November 14, 2015 by Dave Hoenack
Celebrating their silver anniversary, Rank Strangers have released not one, not two, but three albums this year. The third of these, The Box, is the subject of a release show/25th anniversary party tonight at 7th Street Entry. While producing a vinyl tryptic isn’t an unprecedented undertaking (the endearing and inventive folk duo Sudden Lovelys released three LPs in 2012, which we featured here), it is undeniably an impressive accomplishment. Few bands last twenty-five years, and fewer still hit their stride entering that second quarter century. Rank Strangers might have been a darling during those years when Minneapolis might have been Seattle, but that was a long time ago and today the band is better today for its unencumbered independence. The Star Tribune‘s reliable Chris Reimenschneider, who Thursday featured The Box by pointing out the band didn’t make one of the best local rock records of the year. “They released three of them,” he wrote on Thursday.
We’ve already featured the first two records (Lady President here and Ringtones here) and we’ve spent nearly a year speculating on how the trilogy would be resolved, and whether its recurring themes — royalty, power, revolution, the end of the world — would be connected. If there really had been “a Rosetta stone or map key” as we speculated when Ringtones was released, we’re too slow-witted to find it. We called Mike Wisti’s typed lyric sheets “maddeningly dense” in that post, and we’ve pored over them as we have played these albums over and over. Once again the lyric sheet reads like Theodore Kaczynski’s manifesto if it had been edited by Tom Robbins, and while we get tangled trying to connect dots which may not be there, we enjoy the albums even more knowing the words (we are famous for making up words when we don’t know the actual lyrics — you should hear our impression of “Lady Marmalade”).
There is nothing on the third album as dramatic as the reworking of “The Last Piranha” which appears as the penultimate track on Ringtones and first set us towards the theory it would all lead to a grand conclusion. Instead, after an hour and a half of anxiety over the end of times and everything leading up to it, Mike Wisti ends the trilogy with an assurance that “paupers and teachers reach out for preachers” and a simple flourish. T.S. Elliot told us this is the way the world would end.
Honestly, we wouldn’t have it any other way. Like its predecessors, The Box is filled with catchy, inventive pop tunes, often in the vein of those late-era new wave records which found aging punkers exploring new directions and running out contracts. “Global Warming” is a brief interlude which approaches a genuinely serious topic without commentary, but provides one of the most enjoyable melodies in the trilogy, and on the other end “Bird Flu Blues” actually embodies a sense of anxious dread.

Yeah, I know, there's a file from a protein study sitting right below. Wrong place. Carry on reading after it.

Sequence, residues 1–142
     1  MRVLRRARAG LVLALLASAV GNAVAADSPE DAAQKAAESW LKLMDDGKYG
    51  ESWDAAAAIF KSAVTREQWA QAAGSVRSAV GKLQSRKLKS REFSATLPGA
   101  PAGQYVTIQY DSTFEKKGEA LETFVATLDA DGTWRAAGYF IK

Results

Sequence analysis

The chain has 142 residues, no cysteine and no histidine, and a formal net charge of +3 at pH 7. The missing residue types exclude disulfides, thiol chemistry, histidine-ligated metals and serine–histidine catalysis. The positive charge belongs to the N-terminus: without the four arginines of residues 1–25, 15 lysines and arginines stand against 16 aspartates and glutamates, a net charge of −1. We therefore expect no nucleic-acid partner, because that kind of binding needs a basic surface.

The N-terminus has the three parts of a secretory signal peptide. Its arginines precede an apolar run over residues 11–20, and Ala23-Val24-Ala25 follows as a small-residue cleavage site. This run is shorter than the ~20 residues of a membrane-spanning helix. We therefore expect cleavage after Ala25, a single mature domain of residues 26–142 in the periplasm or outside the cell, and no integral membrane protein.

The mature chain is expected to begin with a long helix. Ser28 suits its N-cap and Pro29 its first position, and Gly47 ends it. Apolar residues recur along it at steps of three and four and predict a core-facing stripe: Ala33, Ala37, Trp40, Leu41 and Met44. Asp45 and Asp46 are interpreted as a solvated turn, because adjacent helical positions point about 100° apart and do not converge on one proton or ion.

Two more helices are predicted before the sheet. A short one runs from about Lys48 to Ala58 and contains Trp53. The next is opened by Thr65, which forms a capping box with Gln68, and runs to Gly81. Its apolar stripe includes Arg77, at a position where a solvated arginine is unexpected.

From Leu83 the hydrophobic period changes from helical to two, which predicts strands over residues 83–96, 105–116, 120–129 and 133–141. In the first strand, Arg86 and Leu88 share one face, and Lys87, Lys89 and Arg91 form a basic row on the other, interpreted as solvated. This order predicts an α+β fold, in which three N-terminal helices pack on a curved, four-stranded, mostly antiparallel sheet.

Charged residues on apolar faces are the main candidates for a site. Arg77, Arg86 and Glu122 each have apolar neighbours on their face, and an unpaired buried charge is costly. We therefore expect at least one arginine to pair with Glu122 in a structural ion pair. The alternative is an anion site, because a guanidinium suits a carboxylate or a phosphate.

The straight ahead rockers on The Box, a couple reappearing reworked from the previous albums (“The Lone Piranha” and “Halloween Arrives”), are worlds better than the middle-of-the-road stuff praised as presentably pious in the church of pop mediocrity. “The Empire of Dresses,” with an awesome sounding bass line played by Davin Odegaard, is one of our favorite songs of the year. And “Lone Piranha” here is presented with more energy than on the first album.
Over the past few years Mike Wisti has engineered some uniquely mad records in Albatross Studio, most notably Grant Hart’s epic The Argument, which portrayed Milton’s “Paradise Lost” with aching intimacy at times (put Hart’s “I Will Never See My Home Again” in the context of the 2011 fire in his childhood home, and yes this is a subject which hits close to the heart here at Hymie’s). The Fuck Knights’ labored psych- rock sophomore statement Puke All Over Themselves (feature on our blog here) was recorded in Wisti’s studio at the same time. Its seems like these projects and others have bled into Rank Strangers’ willingness to try new things in this trilogy of albums. The result through three albums has been extremely successful without falling into the pitfalls of Sandinista!, which even for fans like us has overlong moments of indulgence. The three albums by Rank Strangers this year are pleasantly compact and cohesive, and it’s been a real pleasure to finally be able to listen to the three together. We expect all three are albums which will be favorites of ours for a long time.